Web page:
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View Diary: Wayne's World (64 comments)

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  •  For the record... (0+ / 0-)

    I am not nor have I ever been an NRA member or supporter.  I don't even own a gun.  But I know numerous good people who do and they have always handled them responsibly.

    •  My father-in-law would have been considered (1+ / 0-)
      Recommended by:

      a good, decent man, church-goer, professional man, a hunter who owned a number of guns.  What no one knew was that he beat his wife and children (carefully, where the bruises wouldn't show) for eyars behind closed doors.  When she left him, he showed up at the house with several guns. My husband, all of age 22, had to take them away from him  and ended up throwing him over the wall of the carport, during which pause in the altercation he also took away the other guns in his father's car.

      A lot of "good, decent men" aren't. And a gun in the house makes it a lot more likely that a woman will die in an incident of DV.

      In 2000, in homicides where the weapon was known, 50 percent (1,342 of 2,701) of female homicide victims were killed with a firearm. Of those female firearm homicides, 1,009 women (75 percent) were killed with a handgun.

      More than five times as many women were murdered by an intimate acquaintance (605) than by a stranger (113) in the year 2000. Additionally, while firearm homicides involving male victims were mostly intra-gender, 95 percent of female firearm homicide victims were murdered by a male.

      Domestic violence against women is a disturbingly common occurrence in the United States. Estimates from the National Crime Victimization Survey (NCVS) indicate that from 1993 to 1998, women were victims of violent crimes by their intimate partners an average of more than 935,000 times a year. During this period, intimate-partner violence comprised 22 percent of all violent crimes against women. Although firearms are used in a relatively small percentage of domestic violence incidents, when a firearm is present, domestic violence can and all too often does turn into domestic homicide. Congress, recognizing the unique and deadly role firearms play in domestic violence passed the Protective Order Gun Ban in 1994. The law prohibits gun possession by a person against whom there is a restraining or protective order for domestic violence. In 1996, Congress passed the Domestic Violence Misdemeanor Gun Ban, which prohibits anyone convicted of a misdemeanor crime of domestic violence or child abuse from purchasing or possessing a gun.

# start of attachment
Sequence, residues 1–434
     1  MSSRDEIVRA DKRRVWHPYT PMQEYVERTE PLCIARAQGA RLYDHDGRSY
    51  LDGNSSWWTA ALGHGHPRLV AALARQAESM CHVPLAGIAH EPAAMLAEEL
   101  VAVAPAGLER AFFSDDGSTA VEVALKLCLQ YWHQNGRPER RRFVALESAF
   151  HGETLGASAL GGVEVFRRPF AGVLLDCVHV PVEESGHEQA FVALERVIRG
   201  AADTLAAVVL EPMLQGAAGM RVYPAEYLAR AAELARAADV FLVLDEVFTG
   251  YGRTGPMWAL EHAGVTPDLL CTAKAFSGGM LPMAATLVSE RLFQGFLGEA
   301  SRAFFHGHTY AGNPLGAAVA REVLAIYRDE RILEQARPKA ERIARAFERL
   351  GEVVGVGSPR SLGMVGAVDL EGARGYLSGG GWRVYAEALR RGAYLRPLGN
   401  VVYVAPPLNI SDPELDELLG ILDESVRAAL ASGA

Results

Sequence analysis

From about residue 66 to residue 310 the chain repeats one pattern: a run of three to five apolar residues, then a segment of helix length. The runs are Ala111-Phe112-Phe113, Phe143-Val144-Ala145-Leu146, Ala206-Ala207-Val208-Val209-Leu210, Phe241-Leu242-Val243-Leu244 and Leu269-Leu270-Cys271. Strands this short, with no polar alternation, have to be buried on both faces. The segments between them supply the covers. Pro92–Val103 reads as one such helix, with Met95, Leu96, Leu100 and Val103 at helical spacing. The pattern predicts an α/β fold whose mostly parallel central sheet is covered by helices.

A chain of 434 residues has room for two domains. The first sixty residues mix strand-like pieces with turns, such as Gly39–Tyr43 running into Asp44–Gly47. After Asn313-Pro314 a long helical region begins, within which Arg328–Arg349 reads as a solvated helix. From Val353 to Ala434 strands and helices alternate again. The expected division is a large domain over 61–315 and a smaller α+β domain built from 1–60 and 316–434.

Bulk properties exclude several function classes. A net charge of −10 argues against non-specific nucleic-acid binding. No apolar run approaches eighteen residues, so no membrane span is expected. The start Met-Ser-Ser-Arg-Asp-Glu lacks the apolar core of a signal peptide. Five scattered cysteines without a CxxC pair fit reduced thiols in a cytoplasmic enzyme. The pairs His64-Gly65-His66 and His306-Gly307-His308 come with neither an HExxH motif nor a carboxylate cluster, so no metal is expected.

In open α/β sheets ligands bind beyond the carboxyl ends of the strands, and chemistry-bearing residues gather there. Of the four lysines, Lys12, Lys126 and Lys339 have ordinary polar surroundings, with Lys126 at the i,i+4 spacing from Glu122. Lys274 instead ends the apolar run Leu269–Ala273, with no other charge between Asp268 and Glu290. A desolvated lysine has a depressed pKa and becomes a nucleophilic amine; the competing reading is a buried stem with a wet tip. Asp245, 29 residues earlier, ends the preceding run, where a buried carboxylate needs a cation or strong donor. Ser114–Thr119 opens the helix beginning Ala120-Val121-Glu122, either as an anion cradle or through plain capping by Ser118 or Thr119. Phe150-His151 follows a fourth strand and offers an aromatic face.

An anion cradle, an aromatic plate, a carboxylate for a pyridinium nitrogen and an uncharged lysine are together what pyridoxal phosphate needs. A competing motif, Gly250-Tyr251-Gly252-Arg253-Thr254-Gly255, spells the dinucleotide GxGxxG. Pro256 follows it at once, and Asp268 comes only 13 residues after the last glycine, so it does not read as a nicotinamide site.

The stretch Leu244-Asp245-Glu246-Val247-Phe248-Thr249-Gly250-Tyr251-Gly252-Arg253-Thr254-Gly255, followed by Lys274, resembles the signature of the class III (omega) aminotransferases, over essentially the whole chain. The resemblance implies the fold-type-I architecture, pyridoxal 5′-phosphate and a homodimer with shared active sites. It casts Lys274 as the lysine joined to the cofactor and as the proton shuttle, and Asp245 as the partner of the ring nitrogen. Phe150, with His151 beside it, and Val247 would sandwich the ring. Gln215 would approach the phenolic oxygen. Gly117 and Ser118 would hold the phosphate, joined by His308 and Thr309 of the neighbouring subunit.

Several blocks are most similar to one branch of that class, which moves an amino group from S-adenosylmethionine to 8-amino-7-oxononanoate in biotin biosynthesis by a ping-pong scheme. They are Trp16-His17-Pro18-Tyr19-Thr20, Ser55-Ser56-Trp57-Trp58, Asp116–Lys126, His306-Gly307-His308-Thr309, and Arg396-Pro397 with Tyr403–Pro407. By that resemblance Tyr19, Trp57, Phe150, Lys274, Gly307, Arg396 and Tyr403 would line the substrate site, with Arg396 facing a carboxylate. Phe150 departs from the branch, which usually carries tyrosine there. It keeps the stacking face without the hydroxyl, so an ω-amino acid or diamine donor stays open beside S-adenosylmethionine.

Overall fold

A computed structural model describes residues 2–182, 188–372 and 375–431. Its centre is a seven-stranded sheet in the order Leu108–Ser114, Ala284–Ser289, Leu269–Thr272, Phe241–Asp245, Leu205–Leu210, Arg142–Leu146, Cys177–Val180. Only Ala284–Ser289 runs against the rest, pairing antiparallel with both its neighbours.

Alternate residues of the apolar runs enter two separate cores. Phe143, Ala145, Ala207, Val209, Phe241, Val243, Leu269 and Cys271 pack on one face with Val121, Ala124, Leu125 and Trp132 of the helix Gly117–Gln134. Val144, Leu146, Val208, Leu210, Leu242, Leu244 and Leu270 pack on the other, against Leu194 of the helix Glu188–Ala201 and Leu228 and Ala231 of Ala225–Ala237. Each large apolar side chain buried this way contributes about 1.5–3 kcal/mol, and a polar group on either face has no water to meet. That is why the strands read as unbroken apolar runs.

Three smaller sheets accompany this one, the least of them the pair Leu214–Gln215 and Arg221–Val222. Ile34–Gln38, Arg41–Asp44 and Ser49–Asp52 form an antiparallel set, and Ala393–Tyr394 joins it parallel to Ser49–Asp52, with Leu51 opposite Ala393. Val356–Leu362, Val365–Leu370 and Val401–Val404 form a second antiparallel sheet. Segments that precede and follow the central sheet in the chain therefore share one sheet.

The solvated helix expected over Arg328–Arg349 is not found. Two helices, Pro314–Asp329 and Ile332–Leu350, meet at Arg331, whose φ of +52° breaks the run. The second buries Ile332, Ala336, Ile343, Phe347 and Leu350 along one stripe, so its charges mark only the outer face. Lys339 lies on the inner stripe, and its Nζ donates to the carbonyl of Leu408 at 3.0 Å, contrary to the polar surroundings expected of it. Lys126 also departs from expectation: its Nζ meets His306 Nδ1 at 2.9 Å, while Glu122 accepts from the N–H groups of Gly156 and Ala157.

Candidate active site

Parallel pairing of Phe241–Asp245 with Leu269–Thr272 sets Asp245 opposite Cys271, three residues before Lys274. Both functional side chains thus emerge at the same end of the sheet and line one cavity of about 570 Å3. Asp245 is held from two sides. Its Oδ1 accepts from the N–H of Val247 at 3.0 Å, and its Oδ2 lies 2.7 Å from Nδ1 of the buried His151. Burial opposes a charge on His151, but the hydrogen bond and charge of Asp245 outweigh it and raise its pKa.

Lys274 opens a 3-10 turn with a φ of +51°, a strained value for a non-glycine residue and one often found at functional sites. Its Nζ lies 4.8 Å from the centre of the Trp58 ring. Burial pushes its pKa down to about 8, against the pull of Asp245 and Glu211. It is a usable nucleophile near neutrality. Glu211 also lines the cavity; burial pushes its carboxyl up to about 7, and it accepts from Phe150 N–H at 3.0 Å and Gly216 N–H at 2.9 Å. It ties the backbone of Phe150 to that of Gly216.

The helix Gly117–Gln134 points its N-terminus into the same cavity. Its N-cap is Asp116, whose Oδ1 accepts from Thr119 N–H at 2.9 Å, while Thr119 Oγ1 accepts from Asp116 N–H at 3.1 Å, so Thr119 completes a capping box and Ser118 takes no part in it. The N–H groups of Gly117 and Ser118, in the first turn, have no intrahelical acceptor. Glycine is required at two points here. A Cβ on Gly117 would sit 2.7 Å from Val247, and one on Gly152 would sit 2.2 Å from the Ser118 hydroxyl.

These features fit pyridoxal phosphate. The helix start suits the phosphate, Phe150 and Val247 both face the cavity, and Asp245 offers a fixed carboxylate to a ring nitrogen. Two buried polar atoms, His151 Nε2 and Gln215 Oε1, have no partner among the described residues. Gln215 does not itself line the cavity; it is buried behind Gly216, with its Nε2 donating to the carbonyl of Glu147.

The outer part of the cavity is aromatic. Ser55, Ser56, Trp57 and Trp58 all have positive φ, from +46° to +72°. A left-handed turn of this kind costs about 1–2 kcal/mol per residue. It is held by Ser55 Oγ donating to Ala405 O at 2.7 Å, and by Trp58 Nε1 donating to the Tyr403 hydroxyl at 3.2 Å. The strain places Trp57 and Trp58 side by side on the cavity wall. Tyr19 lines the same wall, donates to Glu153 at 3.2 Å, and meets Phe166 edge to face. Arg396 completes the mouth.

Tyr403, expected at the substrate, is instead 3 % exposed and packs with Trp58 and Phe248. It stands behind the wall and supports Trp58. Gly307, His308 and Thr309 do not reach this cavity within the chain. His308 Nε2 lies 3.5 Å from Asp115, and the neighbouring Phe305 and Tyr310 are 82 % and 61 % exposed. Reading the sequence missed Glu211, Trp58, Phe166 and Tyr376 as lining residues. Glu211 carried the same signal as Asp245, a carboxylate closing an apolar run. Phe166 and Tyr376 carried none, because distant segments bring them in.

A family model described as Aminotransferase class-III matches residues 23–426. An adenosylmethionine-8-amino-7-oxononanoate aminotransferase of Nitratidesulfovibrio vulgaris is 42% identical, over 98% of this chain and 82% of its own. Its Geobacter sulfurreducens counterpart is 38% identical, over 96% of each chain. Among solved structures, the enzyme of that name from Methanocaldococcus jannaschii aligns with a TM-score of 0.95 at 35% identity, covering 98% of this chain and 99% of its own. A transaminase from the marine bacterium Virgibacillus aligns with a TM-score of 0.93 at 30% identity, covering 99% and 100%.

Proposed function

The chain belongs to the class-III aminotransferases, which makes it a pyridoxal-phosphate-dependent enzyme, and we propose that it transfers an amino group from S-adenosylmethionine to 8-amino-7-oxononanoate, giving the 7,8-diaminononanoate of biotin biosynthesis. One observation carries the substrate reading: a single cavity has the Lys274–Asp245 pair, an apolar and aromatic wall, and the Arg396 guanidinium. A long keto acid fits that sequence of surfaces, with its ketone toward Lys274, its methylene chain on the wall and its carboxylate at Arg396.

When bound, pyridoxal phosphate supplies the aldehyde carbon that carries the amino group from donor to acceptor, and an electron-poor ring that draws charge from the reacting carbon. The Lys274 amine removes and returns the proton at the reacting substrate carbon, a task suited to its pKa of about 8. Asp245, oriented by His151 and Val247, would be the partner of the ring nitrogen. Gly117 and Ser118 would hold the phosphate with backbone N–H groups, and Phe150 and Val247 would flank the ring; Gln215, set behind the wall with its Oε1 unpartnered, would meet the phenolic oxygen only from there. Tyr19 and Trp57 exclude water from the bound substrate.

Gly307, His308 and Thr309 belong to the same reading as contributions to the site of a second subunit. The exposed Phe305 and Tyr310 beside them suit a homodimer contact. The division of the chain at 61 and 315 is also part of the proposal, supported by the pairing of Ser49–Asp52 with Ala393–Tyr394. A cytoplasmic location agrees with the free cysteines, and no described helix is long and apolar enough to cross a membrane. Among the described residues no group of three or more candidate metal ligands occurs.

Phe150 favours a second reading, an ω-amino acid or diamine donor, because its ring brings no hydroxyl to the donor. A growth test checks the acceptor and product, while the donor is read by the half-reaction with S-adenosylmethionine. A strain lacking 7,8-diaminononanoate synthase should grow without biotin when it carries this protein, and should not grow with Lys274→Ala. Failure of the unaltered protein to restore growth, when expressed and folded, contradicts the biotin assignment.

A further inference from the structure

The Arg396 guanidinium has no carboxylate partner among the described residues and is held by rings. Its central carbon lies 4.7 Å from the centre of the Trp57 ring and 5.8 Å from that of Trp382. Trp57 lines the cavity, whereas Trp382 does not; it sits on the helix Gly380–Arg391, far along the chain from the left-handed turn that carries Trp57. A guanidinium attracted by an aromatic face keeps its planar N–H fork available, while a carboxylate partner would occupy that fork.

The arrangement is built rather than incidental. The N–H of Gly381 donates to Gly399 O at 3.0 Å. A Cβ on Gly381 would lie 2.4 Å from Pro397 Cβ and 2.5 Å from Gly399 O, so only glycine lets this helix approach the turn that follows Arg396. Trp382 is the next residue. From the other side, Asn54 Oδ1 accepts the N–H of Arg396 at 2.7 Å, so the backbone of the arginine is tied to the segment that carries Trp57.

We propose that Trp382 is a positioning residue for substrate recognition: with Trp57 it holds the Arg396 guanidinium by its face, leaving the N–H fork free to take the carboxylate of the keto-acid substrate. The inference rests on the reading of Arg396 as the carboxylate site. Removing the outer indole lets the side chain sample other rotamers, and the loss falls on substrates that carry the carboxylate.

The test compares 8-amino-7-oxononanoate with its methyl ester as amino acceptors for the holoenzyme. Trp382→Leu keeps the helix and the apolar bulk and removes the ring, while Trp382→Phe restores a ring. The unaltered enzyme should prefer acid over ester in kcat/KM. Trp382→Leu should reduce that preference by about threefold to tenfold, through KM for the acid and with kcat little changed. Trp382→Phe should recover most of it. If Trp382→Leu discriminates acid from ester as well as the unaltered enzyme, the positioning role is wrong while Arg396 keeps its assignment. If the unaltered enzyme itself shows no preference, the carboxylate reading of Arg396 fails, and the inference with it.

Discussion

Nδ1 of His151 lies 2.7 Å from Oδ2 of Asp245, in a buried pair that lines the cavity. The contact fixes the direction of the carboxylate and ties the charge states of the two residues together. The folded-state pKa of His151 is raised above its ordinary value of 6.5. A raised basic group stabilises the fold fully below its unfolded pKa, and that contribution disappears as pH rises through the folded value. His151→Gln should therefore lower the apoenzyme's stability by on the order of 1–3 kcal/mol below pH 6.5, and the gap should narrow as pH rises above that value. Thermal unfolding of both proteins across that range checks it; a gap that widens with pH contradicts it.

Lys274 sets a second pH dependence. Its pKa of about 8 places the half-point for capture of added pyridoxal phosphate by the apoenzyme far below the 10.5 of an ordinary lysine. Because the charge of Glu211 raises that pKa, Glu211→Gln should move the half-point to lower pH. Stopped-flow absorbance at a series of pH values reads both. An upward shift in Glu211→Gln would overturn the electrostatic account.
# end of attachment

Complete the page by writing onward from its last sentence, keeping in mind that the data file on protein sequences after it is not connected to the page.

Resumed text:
A 1997 study that examined the risk factors for violent death for women in the home found that when there were one or more guns in the home, the risk of suicide among women increased nearly five times and the risk of homicide increased more than three times. The increased risk of homicide associated with firearms was attributable to homicides at the hands of a spouse, intimate acquaintance, or close relative.

      An analysis of female domestic homicides (a woman murdered by a spouse, intimate acquaintance, or close relative) showed that prior domestic violence in the household made a woman 14.6 times more likely, and having one or more guns in the home made a woman 7.2 times more likely, to be the victim of such a homicide.

      The circumstances of firearms violence differ significantly between men and women. Compared to a man, a woman is far more likely to be killed by her spouse, an intimate acquaintance, or a family member than murdered by a stranger or an unidentified intruder. A 1976 to 1987 analysis of Federal Bureau of Investigation data revealed that more than twice as many women were shot and killed by their husbands or intimate acquaintances than were murdered by strangers using firearms, knives, or any other means.

      Between 1976 and 1996, 65 percent of the male and female victims of intimate partner homicides were killed with a firearm. And while rates of intimate partner homicide have been declining, the ratio of female-to-male victims has risen. In other words, when an intimate-partner homicide occurs, it is increasingly likely that a woman is the victim rather than a man.

      Having a gun in the home makes it three times more likely that you or someone you care about will be murdered by a family member or intimate partner.

      A firearm in the home may be a key factor in the escalation of nonfatal spousal abuse to homicide. In a study of family and intimate assaults for the city of Atlanta, Georgia, in 1984, firearm-associated family and intimate assaults were 12 times more likely to result in death than non-firearm associated assaults between family and intimates.

      The last time we mixed religion and politics people got burned at the stake.

      by irishwitch on Tue Feb 05, 2013 at 03:30:39 PM PST

      [ Parent ]

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